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ERIC Number: EJ1058189
Record Type: Journal
Publication Date: 2015-Mar
Pages: 4
Abstractor: ERIC
Reference Count: N/A
ISSN: ISSN-0010-0870
Question-Negotiation and Information Seeking in Libraries: A Timeless Topic in a Timeless Article
Tyckoson, David A.
College & Research Libraries, v76 n3 p247-250 Mar 2015
It has been almost 50 years since Robert Taylor published his classic 1968 article, "Question-Negotiation and Information Seeking in Libraries," in "College & Research Libraries"; yet much of what that article discussed is as fresh today as it was back then. It has been identified as a classic because it has enduring themes that have prevailed over time. Taylor was one of the first to systematically study how users formulate questions and how those questions get translated into the language of the information system. By studying users and the librarians who help them, he was able to identify his now-famous four levels of information need: visceral, conscious, formalized, and compromised. He also studied how librarians take these needs--especially the compromised need--and adapt them to the existing information systems. Throughout the article, Taylor talks about the interface between the human with an information need and the information system that is expected to fill that need. While today, of course, information is much more available and accessible than it was in Taylor's day, users still have problems finding information--and reference librarians still need to communicate with those users to figure out exactly what they want. The four levels of understanding of the information need that Taylor identified almost fifty years ago remain important factors in searching today. This is perhaps Taylor's greatest contribution--refocusing the conversation about information seeking away from the tools and the sources and toward the people who use them. It is Taylor's human focus that has made this paper a classic--and that will probably continue to define it as a classic well into the future.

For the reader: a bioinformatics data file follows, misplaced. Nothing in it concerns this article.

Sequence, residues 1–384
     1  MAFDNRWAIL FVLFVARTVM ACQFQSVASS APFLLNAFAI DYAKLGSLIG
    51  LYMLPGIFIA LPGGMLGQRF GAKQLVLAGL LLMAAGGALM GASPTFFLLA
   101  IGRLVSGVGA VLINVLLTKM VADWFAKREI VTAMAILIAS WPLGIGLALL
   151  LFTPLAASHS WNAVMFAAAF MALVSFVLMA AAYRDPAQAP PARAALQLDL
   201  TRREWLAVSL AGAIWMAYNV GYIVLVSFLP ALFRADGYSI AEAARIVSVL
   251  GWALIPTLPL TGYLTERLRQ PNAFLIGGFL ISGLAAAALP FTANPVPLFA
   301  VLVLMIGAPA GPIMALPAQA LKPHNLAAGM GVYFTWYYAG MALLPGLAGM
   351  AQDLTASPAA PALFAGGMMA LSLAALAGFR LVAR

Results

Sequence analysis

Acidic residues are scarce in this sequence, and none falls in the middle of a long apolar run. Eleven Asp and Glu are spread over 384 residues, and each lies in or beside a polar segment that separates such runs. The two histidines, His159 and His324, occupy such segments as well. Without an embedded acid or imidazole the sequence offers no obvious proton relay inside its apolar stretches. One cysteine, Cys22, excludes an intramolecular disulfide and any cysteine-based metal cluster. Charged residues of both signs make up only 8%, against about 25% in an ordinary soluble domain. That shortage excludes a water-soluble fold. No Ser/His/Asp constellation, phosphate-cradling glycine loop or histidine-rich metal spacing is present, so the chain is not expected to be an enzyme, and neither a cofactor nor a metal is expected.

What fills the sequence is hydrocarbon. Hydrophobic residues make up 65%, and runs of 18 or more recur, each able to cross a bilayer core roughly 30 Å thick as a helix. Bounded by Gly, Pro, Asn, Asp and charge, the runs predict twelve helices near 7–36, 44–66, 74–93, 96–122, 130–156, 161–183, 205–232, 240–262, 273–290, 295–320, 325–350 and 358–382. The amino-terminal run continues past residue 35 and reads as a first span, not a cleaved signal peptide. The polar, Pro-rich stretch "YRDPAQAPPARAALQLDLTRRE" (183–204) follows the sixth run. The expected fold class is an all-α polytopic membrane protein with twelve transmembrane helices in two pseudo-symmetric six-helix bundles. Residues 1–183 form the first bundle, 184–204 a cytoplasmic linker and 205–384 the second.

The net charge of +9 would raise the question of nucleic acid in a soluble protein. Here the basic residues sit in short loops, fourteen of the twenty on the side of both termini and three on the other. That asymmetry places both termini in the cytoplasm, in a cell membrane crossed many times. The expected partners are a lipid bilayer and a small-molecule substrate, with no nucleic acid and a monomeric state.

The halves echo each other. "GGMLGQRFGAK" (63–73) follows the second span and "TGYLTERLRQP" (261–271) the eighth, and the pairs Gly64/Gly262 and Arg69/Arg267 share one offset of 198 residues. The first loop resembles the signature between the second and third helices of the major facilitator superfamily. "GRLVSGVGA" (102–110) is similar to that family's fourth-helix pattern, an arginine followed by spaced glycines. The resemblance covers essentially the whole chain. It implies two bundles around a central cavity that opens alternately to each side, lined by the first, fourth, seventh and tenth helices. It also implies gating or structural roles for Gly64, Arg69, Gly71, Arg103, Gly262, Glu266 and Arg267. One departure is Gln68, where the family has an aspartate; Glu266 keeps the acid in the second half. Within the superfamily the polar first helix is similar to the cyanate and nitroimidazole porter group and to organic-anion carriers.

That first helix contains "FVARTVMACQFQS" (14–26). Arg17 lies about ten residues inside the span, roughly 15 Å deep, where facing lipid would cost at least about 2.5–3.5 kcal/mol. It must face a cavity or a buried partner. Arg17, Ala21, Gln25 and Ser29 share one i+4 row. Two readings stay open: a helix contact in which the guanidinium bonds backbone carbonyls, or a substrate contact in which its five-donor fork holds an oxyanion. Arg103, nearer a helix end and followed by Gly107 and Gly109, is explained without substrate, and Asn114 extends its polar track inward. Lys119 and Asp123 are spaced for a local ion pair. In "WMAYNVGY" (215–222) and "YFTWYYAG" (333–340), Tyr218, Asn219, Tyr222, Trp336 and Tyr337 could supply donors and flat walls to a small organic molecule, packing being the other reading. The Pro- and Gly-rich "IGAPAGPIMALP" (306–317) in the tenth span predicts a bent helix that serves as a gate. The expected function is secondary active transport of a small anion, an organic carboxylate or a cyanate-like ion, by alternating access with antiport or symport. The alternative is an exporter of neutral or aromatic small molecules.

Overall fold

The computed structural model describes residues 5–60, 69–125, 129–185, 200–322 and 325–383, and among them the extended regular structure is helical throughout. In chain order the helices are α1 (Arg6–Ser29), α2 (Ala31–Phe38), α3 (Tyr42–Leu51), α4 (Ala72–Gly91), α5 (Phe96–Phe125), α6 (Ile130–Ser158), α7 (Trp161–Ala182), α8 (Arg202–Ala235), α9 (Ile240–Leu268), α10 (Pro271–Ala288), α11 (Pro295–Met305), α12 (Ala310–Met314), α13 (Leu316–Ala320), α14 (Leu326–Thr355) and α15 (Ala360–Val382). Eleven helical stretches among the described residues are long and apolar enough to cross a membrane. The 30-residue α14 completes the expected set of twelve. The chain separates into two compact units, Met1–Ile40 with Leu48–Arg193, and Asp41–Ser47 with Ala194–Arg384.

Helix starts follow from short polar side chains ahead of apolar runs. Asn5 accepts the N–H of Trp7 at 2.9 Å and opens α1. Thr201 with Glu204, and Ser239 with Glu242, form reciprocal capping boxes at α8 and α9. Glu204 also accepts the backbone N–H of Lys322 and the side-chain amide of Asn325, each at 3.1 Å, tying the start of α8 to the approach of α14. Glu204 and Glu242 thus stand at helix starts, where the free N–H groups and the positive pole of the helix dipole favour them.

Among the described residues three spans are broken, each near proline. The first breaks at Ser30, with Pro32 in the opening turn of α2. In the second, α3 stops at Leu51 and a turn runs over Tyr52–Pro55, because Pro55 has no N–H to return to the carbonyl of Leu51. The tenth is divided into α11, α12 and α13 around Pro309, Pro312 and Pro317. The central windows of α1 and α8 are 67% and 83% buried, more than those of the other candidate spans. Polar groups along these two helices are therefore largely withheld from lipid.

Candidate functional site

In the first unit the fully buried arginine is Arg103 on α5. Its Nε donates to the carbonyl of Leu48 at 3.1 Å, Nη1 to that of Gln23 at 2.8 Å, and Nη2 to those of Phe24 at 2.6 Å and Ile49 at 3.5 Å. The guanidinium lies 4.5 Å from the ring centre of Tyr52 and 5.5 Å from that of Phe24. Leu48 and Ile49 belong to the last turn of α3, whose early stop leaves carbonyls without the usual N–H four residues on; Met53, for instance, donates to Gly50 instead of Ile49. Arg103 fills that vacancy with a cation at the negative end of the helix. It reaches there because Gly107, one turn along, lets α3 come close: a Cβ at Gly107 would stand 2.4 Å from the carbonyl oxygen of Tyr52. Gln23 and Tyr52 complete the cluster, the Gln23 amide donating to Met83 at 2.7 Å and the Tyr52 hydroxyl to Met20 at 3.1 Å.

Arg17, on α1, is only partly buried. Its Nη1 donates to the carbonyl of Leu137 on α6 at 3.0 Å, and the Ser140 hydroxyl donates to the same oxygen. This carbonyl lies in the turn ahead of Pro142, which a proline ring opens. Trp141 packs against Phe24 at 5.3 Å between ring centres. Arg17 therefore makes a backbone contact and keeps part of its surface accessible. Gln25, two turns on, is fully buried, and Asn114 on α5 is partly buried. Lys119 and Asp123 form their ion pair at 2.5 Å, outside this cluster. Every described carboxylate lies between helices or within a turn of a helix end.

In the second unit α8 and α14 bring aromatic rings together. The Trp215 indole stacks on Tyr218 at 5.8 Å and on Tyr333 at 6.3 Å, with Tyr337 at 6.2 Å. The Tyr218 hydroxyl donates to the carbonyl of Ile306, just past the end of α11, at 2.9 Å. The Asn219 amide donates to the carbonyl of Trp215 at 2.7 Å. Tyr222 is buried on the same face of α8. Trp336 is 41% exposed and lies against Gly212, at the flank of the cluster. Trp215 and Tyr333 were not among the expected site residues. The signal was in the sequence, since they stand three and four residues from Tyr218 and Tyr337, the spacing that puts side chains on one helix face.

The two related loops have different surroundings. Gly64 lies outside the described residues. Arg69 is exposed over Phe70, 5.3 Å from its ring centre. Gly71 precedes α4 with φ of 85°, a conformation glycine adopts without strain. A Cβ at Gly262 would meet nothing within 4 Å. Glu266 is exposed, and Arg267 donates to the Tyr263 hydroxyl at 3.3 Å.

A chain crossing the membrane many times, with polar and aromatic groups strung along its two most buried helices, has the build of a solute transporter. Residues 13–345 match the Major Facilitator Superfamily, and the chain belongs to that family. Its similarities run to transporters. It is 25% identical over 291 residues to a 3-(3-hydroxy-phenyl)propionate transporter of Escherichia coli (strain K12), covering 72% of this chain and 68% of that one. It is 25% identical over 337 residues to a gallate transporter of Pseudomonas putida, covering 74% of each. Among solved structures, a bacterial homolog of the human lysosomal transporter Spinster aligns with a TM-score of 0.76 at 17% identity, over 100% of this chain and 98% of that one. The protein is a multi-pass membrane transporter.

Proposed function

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Publication Type: Journal Articles; Opinion Papers; Reports - Descriptive
Education Level: Higher Education; Postsecondary Education
Audience: N/A
Language: English
Sponsor: N/A
Authoring Institution: N/A